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The Marreese Speights Resurrection and having fun

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Everything is fun right now.

Gary A. Vasquez-USA TODAY Sports

Basketball is fun, they tell you. That's what youth league coaches ingrain in your noggin before all that is wiped away whistle by whistle, windsprint by windsprint, as hormonal desires lead to an over-competitive and, ultimately, an unhealthy obsession with success. Fun is no longer in the cards, or allowed in the game. Smile off a turnover? That's a sign of a weak-minded individual. Laugh through a wayward jumper going in? Not enough focus in a game. As one grows older, and as I started graduating from recreational games to actual games, things like practice and running became more stressful than fun. I'm not sure if Marreese Speights had fun last season playing under Mark Jackson, but getting buckets and smiling all the way back down the court on defense have gone hand-in-hand in the first 10 games this season.

Steve Kerr's offense has allowed Andrew Bogut to free-wheel at the top of the key, dishing to cutters and slashers. Klay Thompson is catching the rock at desirable places on the floor that open up tunnels for him to either shoot or drive in an efficient manner. Harrison Barnes has sped up his release to compensate for the amount of open space he'll have before launching threes. There are still kinks for players like Andre Iguodala and Festus Ezeli that need to be worked out but the most surprising development has been the free-styling ways of Speights coming to the rescue of an offensively-starved bench unit.

The coaching staff isn't necessarily running any specific plays to manufacture the open shots that are coming Speights' way. What they have done is cut out the isolation sets that were injected into Speights' offensive game last season. Speights didn't seem to mind jacking up contested long two after contested long two, which angered fans to no end. What is starting to come to light is that Speights remains fully coachable and a smart player who has mostly eliminated hard shooting situations and rescinded from hunting tough shots. He's getting wide-open 17-footers, sprinting down the floor against opposing centers for layups, and mugging down his own bench after a fadeaway J against the Charlotte Hornets.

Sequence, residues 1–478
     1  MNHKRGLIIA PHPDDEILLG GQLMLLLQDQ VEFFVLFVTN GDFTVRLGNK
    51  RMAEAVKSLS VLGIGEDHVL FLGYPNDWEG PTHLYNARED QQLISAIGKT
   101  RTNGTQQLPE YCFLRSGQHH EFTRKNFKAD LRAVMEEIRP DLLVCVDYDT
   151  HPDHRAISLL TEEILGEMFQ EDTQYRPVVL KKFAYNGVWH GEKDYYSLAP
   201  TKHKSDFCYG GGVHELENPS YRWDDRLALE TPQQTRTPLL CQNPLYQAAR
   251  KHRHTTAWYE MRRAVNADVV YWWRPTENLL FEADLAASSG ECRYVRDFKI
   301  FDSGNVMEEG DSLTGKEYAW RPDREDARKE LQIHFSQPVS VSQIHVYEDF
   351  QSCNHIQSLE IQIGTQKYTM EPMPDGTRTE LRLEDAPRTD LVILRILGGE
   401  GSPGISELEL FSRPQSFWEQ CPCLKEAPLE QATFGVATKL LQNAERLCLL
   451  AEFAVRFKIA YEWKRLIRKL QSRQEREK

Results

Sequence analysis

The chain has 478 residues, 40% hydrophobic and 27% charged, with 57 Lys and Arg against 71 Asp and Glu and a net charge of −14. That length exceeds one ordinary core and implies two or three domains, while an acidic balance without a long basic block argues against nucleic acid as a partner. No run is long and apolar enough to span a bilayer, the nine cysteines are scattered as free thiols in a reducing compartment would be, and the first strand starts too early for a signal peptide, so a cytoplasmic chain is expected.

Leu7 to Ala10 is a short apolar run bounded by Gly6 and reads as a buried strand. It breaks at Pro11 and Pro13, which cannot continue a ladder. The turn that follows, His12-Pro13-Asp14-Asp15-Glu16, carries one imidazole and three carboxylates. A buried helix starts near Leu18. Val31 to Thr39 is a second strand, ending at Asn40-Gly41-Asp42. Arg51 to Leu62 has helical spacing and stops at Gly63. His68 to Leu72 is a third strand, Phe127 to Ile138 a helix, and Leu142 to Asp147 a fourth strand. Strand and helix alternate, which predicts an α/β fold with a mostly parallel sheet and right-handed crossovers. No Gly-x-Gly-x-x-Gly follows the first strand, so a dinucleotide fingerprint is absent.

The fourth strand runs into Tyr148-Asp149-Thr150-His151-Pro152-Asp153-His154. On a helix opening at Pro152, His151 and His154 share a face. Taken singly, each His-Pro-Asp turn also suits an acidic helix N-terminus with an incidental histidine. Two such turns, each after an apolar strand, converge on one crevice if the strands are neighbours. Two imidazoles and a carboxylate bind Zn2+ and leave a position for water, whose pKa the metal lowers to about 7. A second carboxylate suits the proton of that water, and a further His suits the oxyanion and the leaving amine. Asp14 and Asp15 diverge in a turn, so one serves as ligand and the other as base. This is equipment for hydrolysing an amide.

Basketball itself is sometimes that simple. It isn't a contrived set of situational circumstances that aspire to backfire on a player's fortunes - although it seemed the case at times during his career-worst shooting season of 2013-14. Sometimes, it's the smallest particle of confidence rendered by one open jumper, which leads to a rebound in traffic, then a toothy grin into a backpedal down to the other end. Being good at what you do and having fun should not be mutually exclusive entities, at least in a professional atmosphere. Speights is functioning as a taller David Lee; hitting jumpers, finishing well enough to keep interior defenders honest and at least standing tall on the defensive end. On a team that necessitates passing from above-average players who struggle to shoot, Speights' talents are perfectly fitted for success.

So it was on Saturday night after a blowout win against the Hornets in which Speights dropped 13 points on eight shots in 14 minutes. He even gobbled up six boards and did an admirable job on Al Jefferson. As he sauntered up to the podium for a rare appearance as an interviewee, Andrew Bogut cracked a joke while Speights was answering a question from across the room. Speights grumbled a response, as he is wont to do, the media guffawed, and he smiled. That's been going on a lot lately in Speights' world. Basketball is fun.